Many people believe knowledge is neutral. Its goodness or badness is determined by the way it is used. The "neutral" view of knowledge, however, does not emphasize the important fact that the more we know the more likely we are to act and do good. In other words, knowledge can be used for both good and evil; however, if we employ the tools of statistics or probability we will easily show that knowledge is overwhelmingly "good".
Knowledge is able to make us less happy. A sated dog taking a nap may be happier than a sated human aware of the shortness of life. You can argue that a return to nature would make humans most happy. Return to nature would expose humans to deadly diseases and vagaries of nature, but we might remains blissfully unaware of the dangers, enjoy the beauty of the natural world, and experience more joy until death or disease struck. However, humans will also naturally tend to look for remedies against disease, for better tools, for better hunting methods, etc. It seems that the mankind leaves a little choice but to make the best use of knowledge to maximize pleasure and minimize pain, while adapting to the unavoidable arch to progress. Today, illiteracy and poverty are strongly correlated with unhappiness. Unless the present trends of development are reverted, knowledge will play an increasingly important role in making us happy. Very few people will intentionally want to dumb themselves down for the sake of a blind bliss. Many will pursue happiness without a major effort to improve their intellectual strengths. However, a majority of people will seek a classy and lasting state of happiness. The happiest person today is the one that is able to transcend lower level needs and find happiness in self-actualization, and contributing to the happiness of others. Statistically, knowledge should help a people achieve happiness.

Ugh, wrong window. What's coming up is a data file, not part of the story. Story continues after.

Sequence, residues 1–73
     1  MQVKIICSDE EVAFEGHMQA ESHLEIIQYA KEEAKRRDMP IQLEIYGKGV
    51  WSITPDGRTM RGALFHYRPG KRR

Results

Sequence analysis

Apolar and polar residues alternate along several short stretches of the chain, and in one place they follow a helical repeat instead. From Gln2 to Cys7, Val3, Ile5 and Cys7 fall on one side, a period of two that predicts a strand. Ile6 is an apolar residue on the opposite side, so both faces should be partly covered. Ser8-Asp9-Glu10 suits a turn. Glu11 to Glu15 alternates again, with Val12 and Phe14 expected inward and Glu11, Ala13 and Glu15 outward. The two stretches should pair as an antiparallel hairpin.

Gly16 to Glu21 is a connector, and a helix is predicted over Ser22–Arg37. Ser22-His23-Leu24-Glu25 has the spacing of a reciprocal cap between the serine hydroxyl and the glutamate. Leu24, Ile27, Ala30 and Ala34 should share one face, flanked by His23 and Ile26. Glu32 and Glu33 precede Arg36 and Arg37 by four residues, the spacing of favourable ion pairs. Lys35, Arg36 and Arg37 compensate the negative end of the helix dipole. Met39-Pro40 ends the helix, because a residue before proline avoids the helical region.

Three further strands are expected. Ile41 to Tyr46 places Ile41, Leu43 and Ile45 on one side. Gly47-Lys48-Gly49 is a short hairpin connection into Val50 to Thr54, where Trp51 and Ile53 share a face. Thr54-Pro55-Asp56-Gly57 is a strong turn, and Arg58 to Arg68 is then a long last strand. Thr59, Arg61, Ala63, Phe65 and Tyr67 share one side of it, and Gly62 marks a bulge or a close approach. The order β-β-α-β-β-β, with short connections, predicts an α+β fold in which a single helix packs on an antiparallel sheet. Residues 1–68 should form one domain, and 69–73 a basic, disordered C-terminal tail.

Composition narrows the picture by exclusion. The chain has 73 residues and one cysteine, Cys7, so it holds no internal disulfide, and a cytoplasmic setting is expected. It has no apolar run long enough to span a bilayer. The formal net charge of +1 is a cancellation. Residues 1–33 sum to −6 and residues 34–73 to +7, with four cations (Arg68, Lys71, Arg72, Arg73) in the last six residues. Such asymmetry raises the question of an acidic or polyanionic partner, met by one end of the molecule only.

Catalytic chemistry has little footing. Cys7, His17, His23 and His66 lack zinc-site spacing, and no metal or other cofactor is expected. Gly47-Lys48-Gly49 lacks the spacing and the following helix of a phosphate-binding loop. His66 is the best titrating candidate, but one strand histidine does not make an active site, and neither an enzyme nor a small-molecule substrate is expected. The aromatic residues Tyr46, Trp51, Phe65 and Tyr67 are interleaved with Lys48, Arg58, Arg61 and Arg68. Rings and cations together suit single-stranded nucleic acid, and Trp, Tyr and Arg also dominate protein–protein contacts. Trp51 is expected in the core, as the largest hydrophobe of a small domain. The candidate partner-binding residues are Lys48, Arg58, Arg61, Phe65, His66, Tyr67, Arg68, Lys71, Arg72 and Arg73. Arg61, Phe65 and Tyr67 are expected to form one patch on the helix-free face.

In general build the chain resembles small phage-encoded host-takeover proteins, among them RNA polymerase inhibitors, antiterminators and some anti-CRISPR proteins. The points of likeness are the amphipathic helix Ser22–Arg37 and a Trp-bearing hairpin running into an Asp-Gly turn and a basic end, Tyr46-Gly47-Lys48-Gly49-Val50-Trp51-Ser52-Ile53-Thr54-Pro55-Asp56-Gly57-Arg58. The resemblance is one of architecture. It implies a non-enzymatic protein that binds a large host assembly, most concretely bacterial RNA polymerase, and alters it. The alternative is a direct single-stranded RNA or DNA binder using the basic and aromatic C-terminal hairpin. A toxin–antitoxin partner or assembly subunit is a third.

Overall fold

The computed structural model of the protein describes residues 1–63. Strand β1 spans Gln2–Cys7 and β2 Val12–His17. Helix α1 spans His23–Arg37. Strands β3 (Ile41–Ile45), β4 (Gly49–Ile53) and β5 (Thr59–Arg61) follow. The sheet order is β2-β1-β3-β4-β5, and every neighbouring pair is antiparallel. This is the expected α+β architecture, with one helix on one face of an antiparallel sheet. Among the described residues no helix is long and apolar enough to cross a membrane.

Mythology, religion, and science come all from the same source: humans looking for answers. When Aristotle groped in...
Please join StudyMode to read the full document